The Power of Food
There is truth to the old saying: “food is the medicine you take every day.” This belief in the healing power of food is one central to Chinese Medicine, where food therapy is often utilized alone or (more often) in conjunction with other modalities to treat disease patterns. Food therapy is one of the four major branches of Traditional Chinese Veterinary Medicine (TCVM), alongside acupuncture, herbal medicine, and Tui-na. It is the art and science of tailoring diet plans to individual patients based on their unique inborn tendencies, age, species, geographical location, personality and current disharmony or disease process. Food ingredients are chosen based on their energetic properties, which include both their thermal energetic property (“temperature”) and their taste. Chinese food therapy recipes are developed according to TCVM theory (Yin-Yang, Five Elements, Eight Principles and Zang-Fu Physiology and Pathology) and are specific to particular patient types and health conditions. These recipes can typically be classified into one of the following categories:
- Health Promotion and Prevention - to improve health on a regular basis and to prevent climate-related and seasonal problems
- Disease Treatment - to directly treat clinical conditions, including skin problems, autoimmune diseases, and immunodeficiency
- Adjunct Therapy - to complement primary treatments (acupuncture, herbs, or Western Medicine) of diseases such as otitis, urinary crystals and stones, UTI, IBD, CHF, cancer, renal failure, and liver failure
Like other TCVM modalities, the ultimate goal of food therapy is to restore and maintain balance in the body. However, given its very nature, the effects of food therapy are slower acting than modalities like acupuncture and herbal medicine. On the other hand, there are virtually no side effects when food ingredients are chosen correctly, and food therapy is a mode of treatment that can be used safely throughout a patient’s lifetime. Moreover, the practice is very popular amongst owners as it empowers them to take part in the TCVM therapy for their animals.
The Veterinary Food Therapy course is a 28-hour continuing education course approved by American Association of Veterinary State Boards Registry of Approved Continuing Education (AAVSB RACE) that certifies students in Veterinary Food Therapy. It is presented in either one 3.5-day on-site session or as a 28-hour online course. The course can be taken by small animal, mixed, and equine veterinarians. Lecture and labs cover treatment for both small animals and horses. Both the on-site and online courses include eight hours of labs in which instructors demonstrate how to cook and prepare foods in fully-stocked kitchens. On-site students have the opportunity to help with food prep and taste the finished products.
CVFT certification from Chi after completion of course requirements
20 hours of lecture and 8 hours of labs
Hands-on food prep in lab and complimentary lunches for on-site classes
4 months access for online classes
PDF of all class notes and recipes
What our students have to say
I really thought the entire course was so awesome - I have been using my new knowledge like crazy for my patients since I got back to work.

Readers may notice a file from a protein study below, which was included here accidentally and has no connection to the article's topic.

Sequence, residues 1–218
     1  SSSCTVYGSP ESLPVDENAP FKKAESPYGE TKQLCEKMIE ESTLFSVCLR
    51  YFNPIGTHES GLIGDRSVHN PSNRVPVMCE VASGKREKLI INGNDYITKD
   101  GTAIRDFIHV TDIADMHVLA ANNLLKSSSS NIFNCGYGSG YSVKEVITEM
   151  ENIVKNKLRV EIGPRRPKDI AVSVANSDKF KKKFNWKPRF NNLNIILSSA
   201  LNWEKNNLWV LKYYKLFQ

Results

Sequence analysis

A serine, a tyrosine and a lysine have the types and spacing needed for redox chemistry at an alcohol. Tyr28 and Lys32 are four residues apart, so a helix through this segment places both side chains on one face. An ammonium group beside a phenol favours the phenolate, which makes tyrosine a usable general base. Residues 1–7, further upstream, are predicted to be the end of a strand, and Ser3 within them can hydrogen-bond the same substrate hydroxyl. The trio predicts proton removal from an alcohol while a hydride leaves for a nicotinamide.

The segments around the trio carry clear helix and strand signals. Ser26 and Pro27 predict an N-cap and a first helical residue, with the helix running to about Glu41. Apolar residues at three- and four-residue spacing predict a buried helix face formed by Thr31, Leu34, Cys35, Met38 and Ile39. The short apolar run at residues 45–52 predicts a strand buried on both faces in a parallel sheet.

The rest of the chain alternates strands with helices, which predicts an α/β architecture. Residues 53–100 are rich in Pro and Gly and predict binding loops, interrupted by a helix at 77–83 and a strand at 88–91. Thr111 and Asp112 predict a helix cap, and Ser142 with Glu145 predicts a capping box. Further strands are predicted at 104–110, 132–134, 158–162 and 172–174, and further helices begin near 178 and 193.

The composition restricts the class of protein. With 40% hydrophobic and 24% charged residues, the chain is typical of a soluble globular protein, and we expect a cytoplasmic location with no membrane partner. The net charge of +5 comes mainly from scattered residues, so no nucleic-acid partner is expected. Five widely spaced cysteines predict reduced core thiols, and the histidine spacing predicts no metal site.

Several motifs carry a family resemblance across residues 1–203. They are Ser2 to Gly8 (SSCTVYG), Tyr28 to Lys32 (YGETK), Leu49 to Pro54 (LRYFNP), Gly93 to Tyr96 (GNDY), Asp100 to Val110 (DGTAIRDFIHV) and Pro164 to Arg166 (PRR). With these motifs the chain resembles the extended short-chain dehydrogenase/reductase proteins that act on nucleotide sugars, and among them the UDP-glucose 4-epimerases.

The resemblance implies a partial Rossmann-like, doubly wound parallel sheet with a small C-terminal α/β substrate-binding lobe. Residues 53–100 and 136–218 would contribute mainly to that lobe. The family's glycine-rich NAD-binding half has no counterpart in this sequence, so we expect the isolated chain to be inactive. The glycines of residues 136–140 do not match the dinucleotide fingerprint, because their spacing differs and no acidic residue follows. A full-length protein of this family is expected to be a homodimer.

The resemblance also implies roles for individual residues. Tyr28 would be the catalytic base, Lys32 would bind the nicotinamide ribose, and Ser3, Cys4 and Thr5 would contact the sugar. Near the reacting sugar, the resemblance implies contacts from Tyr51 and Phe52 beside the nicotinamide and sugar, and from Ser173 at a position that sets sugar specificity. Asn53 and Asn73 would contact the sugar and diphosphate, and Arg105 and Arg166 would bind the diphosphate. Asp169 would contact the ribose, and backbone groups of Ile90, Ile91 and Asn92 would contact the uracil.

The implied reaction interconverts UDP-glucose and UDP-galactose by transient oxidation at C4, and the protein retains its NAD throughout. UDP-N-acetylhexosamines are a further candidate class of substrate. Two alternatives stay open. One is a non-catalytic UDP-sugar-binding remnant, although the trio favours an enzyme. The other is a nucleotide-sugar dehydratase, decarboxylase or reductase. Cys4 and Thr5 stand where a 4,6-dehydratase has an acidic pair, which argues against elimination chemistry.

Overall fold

Penny Jacobs, DVM
I was very much impressed by my Food Therapy experience! Everything was so well organized. Great information presented by excellent speakers.
Patricia Campbell, DVM
This course opened up a world of possibilities that I was unaware of and have already incorporated into my practice.
Barbara Evans, DVM
Yorktown, SK, Canada
I already started calling clients on Sunday. I’m so excited about having another tool that will help my patients. I have a renewed sense of passion for my profession.
Lisa Radwan, DVM
There wasn't a single thing about the course that I didn't think was excellent! The quality of the course is unmatched. The entire Chi family is superb!
Janet Tomlin, DVM
Veterinary Food Therapy
Taught in English
For veterinarians & veterinary students only
28 RACE-approved CE hours
Students wishing to enroll in the Veterinary Food Therapy course must have basic knowledge of TCVM and herbal medicine, and must fulfill one of the following two requirements:
- Completion of at least one session of veterinary acupuncture at Chi or another accredited institution
- Completion of the TCVM Fundamental Theories lecture series online module
TCVM Fundamental Theories
Basic Nutrition Overview
TCVM Food Therapy Principles
Food Therapy: Common Concerns and Special Properties
Food Therapy for Bi and Wei Syndromes
Food Therapy for Cancer Patients
Food Therapy for GI Disorders
How to Make Food - Lab Demo
Food Therapy for Geriatric & Pediatric Patients
Food Therapy for Dermatology Patients
Using Food Therapy in Your Practice
Food Therapy Lab - How to Cook Food for Your Dogs
Food Therapy Lab - Balancing a TCVM Food Recipe with a Computer Program
Food Therapy Demo - How to Put Everything Together
Case Studies - TCVM Diagnosis, Recipe Formulation, and Balancing
Feline Food Therapy
Equine Food Therapy
Food Therapy for Lung Problems
Food Energetic Actions with Historical Anecdotes
Food Therapy for Liver Disorder
Therapy for Endocrine Disorders
Food Therapy for Heart Problems including Shen Disturbance
Food Therapy for Kidney Disorders including Bladder and Reproductive Issues
Students in the Veterinary Food Therapy course are eligible for the Certified Veterinary Food Therapist certification, endorsed by the Chi Institute of Chinese Medicine. The CVFT certification requirements are as follows:
Be a veterinarian
Completion of all sessions of Veterinary Food Therapy
Pass the take-home exam
Submission of one veterinary food therapy case report to be approved by Chi faculty
Please note that Chi cannot issue any certification to DVM students until their DVM has been obtained.
DVM, PhD, DACVIM (Neurology), CVA, CVFT